Information Particles in a 3D brain MRI image. @Matthew Toews
The algorithms developed by Matthew Toews can help diagnose serious diseases, or scientifically authenticate a grand master painting from potential forgeries. His latest algorithms, developed in collaboration with researchers at ÉTS, CRCHUM, Harvard Medical School, MIT and Centech, significantly expands stroke diagnostic capabilities, and are being integrated into medical imaging equipment used in Québec hospitals.
Professor Toews became interested in image processing when he first began his studies. He made the analysis of 3D medical imaging the subject of his doctoral thesis, and then of his postdoctoral research at Harvard Medical School in Boston from 2009 to 2014.
Professor Toews is passionate about solving problems related to image analysis, particularly in the field of photography, video and medical imaging, but his interests also extend to sound since, from a scientific point of view, sound is just an image with a temporal dimension. “My research consists of modelling the image as a set of particles, drawing on the visual system used by mammals, as described by researchers David Hubel and Torsten Wiesel [for which they were awarded the Nobel Prize in Medicine in 1981] as well as on computer vision, based on theories of probability, information and geometry.”
Artificial Intelligence and the Human Body
In his training Matthew Toews began by developing a learning algorithm that could extract the characteristics of certain points of interest on facial images, using a process similar to that of the human visual system.
“Every major development in artificial intelligence has been inspired by what we know about the human brain,” he explains. The researcher subsequently adapted this algorithm to be used in the analysis of 3D medical images. He observes certain characteristics of the brains of people with brain diseases, and then compares them to those of healthy brains to classify them.
Once the images are classified, certain diseases such as Alzheimer’s may be detected prior to the appearance of major symptoms, and their progress and severity can be assessed. Professor Toews wants to direct his research toward using the same techniques on other diseases that exhibit patterns, such as Parkinson’s disease and multiple sclerosis in brain MRI or lung disease in pulmonary CT.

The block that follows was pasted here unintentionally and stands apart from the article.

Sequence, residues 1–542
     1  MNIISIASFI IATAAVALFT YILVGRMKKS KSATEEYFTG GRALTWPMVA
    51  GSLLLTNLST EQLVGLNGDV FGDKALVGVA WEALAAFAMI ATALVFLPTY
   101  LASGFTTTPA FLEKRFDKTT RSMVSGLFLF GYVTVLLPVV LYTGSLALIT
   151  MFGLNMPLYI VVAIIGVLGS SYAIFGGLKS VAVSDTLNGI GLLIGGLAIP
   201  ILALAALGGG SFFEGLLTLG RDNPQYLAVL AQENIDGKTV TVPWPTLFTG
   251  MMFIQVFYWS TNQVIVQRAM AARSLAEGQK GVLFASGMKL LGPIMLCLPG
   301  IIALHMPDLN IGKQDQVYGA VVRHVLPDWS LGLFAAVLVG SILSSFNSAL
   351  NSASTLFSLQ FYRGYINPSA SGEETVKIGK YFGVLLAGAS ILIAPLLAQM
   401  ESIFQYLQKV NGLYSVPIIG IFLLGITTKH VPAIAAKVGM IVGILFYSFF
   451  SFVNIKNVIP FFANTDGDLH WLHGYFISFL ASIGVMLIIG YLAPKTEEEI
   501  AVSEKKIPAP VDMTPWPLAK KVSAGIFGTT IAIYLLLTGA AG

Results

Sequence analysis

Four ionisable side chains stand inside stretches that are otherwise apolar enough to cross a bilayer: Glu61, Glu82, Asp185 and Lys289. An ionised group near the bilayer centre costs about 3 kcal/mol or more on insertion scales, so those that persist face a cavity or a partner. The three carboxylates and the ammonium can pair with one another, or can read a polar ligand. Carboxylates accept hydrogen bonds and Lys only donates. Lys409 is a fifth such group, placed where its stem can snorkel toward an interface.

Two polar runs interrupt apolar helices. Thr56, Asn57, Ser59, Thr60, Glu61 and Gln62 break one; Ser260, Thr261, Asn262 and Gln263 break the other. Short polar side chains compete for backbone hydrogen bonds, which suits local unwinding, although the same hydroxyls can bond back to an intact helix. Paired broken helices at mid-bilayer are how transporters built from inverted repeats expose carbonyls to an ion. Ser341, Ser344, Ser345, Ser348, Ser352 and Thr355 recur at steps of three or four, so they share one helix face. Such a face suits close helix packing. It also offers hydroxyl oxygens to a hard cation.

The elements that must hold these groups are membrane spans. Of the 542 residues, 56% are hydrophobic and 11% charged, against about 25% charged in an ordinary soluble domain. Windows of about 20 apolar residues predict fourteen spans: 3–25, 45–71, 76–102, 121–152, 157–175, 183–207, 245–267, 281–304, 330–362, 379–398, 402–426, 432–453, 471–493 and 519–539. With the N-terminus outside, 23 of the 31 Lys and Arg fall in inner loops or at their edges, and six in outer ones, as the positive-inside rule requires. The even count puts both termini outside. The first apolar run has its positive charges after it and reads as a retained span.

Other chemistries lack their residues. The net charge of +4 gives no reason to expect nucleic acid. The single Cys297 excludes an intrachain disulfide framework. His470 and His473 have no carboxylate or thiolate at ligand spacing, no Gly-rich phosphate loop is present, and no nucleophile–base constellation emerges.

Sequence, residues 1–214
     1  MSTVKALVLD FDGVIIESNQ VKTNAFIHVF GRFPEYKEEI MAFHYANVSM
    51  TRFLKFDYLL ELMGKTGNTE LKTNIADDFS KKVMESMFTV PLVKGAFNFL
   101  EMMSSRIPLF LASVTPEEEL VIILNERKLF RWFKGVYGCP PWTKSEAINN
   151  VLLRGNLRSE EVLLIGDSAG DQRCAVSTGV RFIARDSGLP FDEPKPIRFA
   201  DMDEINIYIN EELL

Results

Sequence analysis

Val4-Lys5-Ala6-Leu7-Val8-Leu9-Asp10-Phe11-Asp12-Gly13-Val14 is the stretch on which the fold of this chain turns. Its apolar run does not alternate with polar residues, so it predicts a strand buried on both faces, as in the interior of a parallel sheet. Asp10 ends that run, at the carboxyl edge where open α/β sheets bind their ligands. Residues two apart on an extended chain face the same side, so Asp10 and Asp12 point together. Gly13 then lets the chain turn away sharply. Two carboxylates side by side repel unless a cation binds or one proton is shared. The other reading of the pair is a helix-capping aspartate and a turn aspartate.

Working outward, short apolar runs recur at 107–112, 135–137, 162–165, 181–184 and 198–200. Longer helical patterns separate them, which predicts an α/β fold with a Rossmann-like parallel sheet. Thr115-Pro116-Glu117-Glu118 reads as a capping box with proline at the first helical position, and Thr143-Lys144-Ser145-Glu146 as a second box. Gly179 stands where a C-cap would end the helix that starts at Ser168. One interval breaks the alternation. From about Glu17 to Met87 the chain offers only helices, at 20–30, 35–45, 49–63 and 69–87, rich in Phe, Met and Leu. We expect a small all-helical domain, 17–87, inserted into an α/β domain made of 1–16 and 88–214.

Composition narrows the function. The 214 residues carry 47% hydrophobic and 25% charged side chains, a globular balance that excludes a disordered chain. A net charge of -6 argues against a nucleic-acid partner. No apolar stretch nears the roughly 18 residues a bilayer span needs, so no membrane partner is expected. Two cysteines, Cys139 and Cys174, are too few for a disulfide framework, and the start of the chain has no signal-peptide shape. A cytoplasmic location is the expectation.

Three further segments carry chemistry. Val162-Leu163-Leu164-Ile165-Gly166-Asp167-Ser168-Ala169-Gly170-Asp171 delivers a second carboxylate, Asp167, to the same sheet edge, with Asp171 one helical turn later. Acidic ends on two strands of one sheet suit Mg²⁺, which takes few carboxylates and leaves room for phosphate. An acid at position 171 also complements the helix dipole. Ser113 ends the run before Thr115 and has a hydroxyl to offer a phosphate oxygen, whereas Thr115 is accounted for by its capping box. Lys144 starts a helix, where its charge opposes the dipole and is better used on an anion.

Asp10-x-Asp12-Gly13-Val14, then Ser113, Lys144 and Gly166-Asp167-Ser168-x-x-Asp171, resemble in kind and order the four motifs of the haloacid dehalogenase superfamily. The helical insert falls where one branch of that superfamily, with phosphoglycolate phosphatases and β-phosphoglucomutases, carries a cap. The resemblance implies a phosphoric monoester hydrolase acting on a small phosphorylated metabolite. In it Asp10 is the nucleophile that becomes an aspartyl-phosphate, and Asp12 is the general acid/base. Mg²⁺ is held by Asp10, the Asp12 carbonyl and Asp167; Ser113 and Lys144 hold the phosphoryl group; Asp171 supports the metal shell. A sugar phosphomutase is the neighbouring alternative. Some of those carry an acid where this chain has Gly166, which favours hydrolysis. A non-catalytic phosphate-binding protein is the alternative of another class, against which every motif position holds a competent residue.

Applying Science to Art
While most of the applications and algorithms designed by Professor Toews involve brain imaging, there are a few exceptions. For example, his methodology allowed him to create an algorithm that could authenticate a Jackson Pollock painting. “The dripping technique used by the great American painter gave the paintings a certain regularity,” he says. “It was therefore possible to extract some points of interest and make comparisons with other works.” Although the experiment did not produce definitive results, it did confirm that the technique might have applications in other fields.
Artificial Intelligence and Medical Imaging
The researcher has recently introduced a new course on artificial intelligence (AI) in medical imaging, in which students can perform MRI scans of brain tumours. This course ─ which he dedicates to the late Professor Pascal Gingras, the former head of his department who recently died of brain cancer ─ may lead some of his students to develop a passion for this promising field.
His mop of hair may make him look like an absent-minded professor, but Professor Toews, who also considers himself a bit of a mathematician and laughingly admits that he would like to write the first quantum model of information, is also a very fun-loving person. “We’ve run out of room at my house for any new toys!” he exclaims. He and his family enjoy a variety of sports, including ice hockey. He plays piano and guitar and commutes to ÉTS by rollerblades or bicycle, year-round.